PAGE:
This post is authored by all-start research assistant Lynn Akufuna Nalikena, profiled in this post.
Being the research assistant to the Canadian man who was conducting a research on disability, I came across different people but they share one thing in common. There are those who were the research participants in the villages and those who were the research decision makers who worked in the offices. This research helped me to know that, well educated people who work in offices can perceive things like the research participants in the villages.
Working with these two groups, I came to understand that some people think any white person visiting them can bring development; of building schools, changing the district by constructing the roads, offices and maybe donating money, and changing people’s way of life. These were these people’s expectations from that Canadian man. This gave me the impression of development being needed by everyone on different levels like households, communities, districts, provincial, and national levels. I think it is good to start things that will bring development on our own rather than just expecting from visitors.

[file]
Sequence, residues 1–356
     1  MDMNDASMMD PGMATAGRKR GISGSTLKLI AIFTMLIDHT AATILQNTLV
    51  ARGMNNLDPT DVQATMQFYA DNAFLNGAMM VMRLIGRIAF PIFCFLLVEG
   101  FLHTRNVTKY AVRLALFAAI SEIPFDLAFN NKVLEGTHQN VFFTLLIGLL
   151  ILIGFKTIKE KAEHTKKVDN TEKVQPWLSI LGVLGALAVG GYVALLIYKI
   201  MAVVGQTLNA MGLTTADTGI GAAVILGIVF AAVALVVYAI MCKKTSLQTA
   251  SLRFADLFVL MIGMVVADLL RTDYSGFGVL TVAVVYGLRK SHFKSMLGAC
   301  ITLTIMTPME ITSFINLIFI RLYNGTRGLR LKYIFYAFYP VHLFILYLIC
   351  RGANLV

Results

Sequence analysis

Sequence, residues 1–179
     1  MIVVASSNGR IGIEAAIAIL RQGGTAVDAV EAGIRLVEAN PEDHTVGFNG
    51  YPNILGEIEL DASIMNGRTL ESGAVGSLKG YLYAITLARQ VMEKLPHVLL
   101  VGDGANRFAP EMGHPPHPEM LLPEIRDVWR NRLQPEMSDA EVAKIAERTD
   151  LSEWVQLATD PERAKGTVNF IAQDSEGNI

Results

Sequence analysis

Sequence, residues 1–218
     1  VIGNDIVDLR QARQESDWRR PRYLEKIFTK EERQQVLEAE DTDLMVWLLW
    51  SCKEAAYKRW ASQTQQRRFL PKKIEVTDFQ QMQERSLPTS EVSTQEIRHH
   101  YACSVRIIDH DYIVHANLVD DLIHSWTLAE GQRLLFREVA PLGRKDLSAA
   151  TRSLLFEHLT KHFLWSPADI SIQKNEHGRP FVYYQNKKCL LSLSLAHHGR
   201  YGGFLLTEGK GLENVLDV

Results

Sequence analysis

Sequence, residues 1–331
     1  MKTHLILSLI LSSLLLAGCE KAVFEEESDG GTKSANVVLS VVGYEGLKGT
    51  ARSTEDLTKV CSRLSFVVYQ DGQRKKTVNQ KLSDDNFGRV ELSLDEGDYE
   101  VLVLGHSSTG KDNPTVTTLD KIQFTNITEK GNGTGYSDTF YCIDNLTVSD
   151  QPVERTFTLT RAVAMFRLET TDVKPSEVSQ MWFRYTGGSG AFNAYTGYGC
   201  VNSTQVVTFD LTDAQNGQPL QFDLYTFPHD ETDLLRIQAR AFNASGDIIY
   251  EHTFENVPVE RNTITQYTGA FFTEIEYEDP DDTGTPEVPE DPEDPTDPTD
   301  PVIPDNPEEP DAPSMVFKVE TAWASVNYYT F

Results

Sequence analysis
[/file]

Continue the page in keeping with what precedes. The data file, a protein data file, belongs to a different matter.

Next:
I think it is very easy for the visitor to contribute to the development which has been brought up already, rather than initiating. Furthermore, doing things this way can help to avoid the inevitable finger pointing that is directed towards initiators.
My question is that, do other people think that any person visiting can develop their community? I do not think so, because some people visit for different reasons and sometimes visitors seek help from people they are visiting. This gives me the clear answer to this question, because those people expected charitable things from him, yet his aim was to research on how people think about disability.
Oh yes, a visitor can bring development in one way or another but he/she sometimes cannot reach everyone’s needs or meet their expectations.